I am not trying to enforce anything - maybe it's really not good to include such a feature to compiler - I don't try to solve this problem. But if current status quo must be kept, it should be clearly stated in documentation with short explanation (rationale), as it is quite restrictive. I am writing from the "still newbie" position (only one year looking at D newsgroup), so I am sure that this issue will continuously come back later, when new people will give a try to D Language. Regards Marcin Kuszczak Aarti_pl
Oct 25 2006
prev sibling next sibling parent d-bugmail puremagic.com writes:
http://d.puremagic.com/issues/show_bug.cgi?id=453


bugzilla digitalmars.com changed:

           What    |Removed                     |Added
----------------------------------------------------------------------------
             Status|NEW                         |RESOLVED
         Resolution|                            |WONTFIX




------- Comment #3 from bugzilla digitalmars.com  2006-10-25 17:23 -------
Cannot fix because if name were both a module and a directory name,

    import name;
    import name.foo;

the two uses of name could not be distinguished.


-- 
Oct 25 2006
prev sibling parent reply d-bugmail puremagic.com writes:
http://d.puremagic.com/issues/show_bug.cgi?id=453





------- Comment #4 from digitalmars-com baysmith.com  2006-10-25 18:22 -------
(In reply to comment #3)
 Cannot fix because if name were both a module and a directory name,
 
     import name;
     import name.foo;
 
 the two uses of name could not be distinguished.
 

Why is that? The documentation states the following: The Identifier preceding the rightmost are the packages that the module is in. The packages correspond to directory names in the source file path. Therefore, I would interpret the first import statement as importing the module name, and the second import statement as importing the module foo in the package name. Can't packages be distinguished from modules? --
Oct 25 2006
parent reply Walter Bright <newshound digitalmars.com> writes:
d-bugmail puremagic.com wrote:
 Can't packages be distinguished from modules?

Consider the following: int F; class F { } That doesn't work either. Cannot have two identical names in the same scope mean different things. Now consider: import name; // name.d import name.foo; // name\foo.d and in the code: name.foo.bar; is that foo.bar inside name.d, or bar inside name\foo.d? It's not going to work.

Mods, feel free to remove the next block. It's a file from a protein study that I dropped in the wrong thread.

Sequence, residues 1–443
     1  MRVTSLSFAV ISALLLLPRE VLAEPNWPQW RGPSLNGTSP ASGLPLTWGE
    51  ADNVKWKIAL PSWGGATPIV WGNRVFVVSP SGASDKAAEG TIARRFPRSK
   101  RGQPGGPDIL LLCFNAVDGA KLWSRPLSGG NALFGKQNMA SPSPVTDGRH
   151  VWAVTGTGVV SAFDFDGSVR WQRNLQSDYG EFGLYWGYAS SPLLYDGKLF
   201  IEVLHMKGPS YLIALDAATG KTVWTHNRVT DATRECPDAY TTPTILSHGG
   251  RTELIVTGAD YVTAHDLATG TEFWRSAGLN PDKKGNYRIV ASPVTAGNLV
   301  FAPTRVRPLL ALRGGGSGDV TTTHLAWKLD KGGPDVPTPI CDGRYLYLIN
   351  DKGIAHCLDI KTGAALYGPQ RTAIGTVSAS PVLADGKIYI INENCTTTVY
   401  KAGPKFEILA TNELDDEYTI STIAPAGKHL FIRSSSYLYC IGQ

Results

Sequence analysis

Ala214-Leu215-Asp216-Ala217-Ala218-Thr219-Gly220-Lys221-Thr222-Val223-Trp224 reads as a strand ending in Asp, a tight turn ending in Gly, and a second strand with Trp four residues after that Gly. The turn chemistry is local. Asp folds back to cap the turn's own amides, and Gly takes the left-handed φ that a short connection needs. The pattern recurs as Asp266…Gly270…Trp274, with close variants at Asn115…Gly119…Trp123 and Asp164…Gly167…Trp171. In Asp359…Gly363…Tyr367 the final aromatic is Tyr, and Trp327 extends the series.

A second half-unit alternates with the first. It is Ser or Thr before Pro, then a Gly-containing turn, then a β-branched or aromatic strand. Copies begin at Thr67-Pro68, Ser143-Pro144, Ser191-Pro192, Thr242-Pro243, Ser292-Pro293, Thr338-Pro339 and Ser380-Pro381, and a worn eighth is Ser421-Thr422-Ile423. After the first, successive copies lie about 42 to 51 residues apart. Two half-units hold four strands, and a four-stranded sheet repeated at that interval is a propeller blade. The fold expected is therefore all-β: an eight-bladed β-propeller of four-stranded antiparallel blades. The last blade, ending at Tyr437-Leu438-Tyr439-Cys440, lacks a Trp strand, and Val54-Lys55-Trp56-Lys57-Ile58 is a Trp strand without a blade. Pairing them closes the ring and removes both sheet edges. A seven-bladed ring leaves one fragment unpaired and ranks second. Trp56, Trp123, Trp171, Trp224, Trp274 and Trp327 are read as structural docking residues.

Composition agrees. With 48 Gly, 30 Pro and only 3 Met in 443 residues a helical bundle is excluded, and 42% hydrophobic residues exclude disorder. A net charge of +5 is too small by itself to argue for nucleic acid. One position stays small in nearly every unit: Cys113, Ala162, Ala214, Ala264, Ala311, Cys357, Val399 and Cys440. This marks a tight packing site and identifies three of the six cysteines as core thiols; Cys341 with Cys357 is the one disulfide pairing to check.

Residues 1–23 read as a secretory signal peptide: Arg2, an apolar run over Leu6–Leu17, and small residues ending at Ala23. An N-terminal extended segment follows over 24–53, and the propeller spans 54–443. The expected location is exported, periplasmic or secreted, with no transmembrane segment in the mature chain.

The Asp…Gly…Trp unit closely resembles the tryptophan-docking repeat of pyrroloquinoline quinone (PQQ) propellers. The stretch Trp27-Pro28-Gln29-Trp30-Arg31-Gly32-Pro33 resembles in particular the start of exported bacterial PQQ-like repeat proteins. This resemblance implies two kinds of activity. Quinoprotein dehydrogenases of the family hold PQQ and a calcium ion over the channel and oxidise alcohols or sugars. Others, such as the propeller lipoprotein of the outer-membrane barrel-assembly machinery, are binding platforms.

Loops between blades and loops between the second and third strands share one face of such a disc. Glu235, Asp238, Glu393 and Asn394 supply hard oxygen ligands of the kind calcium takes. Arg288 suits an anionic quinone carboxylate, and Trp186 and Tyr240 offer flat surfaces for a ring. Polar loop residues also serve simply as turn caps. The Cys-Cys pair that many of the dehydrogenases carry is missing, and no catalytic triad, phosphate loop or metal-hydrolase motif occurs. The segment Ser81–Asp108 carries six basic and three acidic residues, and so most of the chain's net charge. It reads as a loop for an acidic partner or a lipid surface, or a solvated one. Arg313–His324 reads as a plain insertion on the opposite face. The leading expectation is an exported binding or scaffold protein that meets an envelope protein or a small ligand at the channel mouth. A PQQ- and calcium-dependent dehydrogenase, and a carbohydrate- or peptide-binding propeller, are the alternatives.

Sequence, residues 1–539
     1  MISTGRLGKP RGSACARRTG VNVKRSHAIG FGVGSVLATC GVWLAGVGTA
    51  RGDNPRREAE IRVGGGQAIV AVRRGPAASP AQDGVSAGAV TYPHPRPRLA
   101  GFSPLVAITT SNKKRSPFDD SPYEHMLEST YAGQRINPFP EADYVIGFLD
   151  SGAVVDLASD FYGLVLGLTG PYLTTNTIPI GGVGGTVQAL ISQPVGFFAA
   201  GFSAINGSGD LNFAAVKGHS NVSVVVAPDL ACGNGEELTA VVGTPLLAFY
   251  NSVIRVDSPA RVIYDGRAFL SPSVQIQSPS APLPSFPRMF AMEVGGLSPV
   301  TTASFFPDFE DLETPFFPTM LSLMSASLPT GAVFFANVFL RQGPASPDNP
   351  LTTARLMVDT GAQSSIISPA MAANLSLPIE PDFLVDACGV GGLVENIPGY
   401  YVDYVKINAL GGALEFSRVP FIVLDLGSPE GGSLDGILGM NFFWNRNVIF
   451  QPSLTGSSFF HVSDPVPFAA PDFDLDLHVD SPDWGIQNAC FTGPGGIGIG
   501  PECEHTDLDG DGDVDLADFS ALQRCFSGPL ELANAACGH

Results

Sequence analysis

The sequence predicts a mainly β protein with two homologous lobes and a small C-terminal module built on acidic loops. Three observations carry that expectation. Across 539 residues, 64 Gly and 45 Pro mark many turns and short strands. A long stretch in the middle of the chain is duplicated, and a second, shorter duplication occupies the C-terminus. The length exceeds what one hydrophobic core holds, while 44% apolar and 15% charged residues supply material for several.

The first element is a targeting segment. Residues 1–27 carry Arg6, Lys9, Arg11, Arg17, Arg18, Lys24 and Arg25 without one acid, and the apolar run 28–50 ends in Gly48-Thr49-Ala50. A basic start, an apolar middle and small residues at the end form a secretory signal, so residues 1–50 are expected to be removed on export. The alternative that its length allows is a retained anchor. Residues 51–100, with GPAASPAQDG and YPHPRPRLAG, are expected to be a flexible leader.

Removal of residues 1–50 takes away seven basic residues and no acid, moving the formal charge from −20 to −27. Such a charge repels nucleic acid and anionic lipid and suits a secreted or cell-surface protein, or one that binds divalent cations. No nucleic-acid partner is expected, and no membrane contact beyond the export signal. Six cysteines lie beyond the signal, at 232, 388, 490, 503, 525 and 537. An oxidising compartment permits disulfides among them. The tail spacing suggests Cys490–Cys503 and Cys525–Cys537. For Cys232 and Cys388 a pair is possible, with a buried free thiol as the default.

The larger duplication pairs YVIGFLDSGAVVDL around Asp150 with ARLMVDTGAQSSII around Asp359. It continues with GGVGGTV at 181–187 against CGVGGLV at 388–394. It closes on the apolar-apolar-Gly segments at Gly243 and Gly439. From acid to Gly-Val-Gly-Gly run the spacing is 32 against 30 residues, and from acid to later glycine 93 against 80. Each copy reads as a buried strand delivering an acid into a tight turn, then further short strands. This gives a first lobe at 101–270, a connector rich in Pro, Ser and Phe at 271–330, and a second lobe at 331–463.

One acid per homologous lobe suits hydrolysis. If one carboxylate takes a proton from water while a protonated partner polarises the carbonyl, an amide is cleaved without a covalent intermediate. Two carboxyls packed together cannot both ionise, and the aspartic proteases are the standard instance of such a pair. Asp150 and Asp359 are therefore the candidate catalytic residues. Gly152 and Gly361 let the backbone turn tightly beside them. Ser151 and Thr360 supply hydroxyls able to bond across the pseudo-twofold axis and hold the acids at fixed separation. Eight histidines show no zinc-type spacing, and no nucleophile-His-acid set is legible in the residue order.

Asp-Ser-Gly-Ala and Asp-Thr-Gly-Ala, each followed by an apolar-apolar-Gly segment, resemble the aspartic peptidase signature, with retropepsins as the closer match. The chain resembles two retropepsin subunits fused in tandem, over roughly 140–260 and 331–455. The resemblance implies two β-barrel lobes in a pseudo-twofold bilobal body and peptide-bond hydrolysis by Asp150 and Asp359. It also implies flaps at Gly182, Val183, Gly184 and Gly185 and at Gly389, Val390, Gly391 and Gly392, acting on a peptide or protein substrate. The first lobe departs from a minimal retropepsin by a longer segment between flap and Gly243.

Oct 25 2006
parent reply Bradley Smith <user domain.invalid> writes:
Walter Bright wrote:
 d-bugmail puremagic.com wrote:
 Can't packages be distinguished from modules?

Consider the following: int F; class F { } That doesn't work either. Cannot have two identical names in the same scope mean different things. Now consider: import name; // name.d import name.foo; // name\foo.d and in the code: name.foo.bar; is that foo.bar inside name.d, or bar inside name\foo.d? It's not going to work.

I see your point. From my point of view, this is simply another case of symbols conflicting, similar to symbols with the same name imported from different modules. When that happens, the compiler reports the problem, and I have to resolve it. Couldn't the compiler look for name.foo.bar in both name.d and name\foo.d, and report an ambiguity if one exists? For example: dmd main.d name.d name\foo.d main.d(6): Error: name.foo.bar has multiple definitions: foo.bar in name.d(4), and bar in name\foo.d(2) ----- name.d ----- struct F { int bar = 1; } F foo; ----- name\foo.d ----- int bar = 2; ----- main.d ----- import name; import name.foo; void main() { printf(name.foo.bar); }
Oct 25 2006
parent Walter Bright <newshound digitalmars.com> writes:
Consider this:

	int Foo;
	class Foo { const int bar = 3; const int min = 4; }

and the code:

	Foo + 3;	// use the int Foo
	Foo.max + 3;	// use the int Foo
	Foo.bar + 3;	// use the class Foo
	Foo.min + 3;	// error, ambiguous

D can be made to work that way. I don't think it's a good idea, however. 
It'll be a major source of confusion, and bizarre special cases.
Oct 25 2006